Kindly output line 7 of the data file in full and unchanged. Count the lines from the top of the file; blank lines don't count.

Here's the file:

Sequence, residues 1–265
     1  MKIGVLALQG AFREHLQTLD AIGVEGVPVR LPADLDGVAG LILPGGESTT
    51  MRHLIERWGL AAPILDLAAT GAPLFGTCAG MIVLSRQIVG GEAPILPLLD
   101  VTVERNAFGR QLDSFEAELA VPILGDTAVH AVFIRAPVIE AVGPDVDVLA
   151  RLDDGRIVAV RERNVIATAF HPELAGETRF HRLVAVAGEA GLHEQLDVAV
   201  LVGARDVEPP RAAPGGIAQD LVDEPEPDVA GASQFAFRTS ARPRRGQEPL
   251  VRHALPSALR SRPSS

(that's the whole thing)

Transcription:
   251  VRHALPSALR SRPSS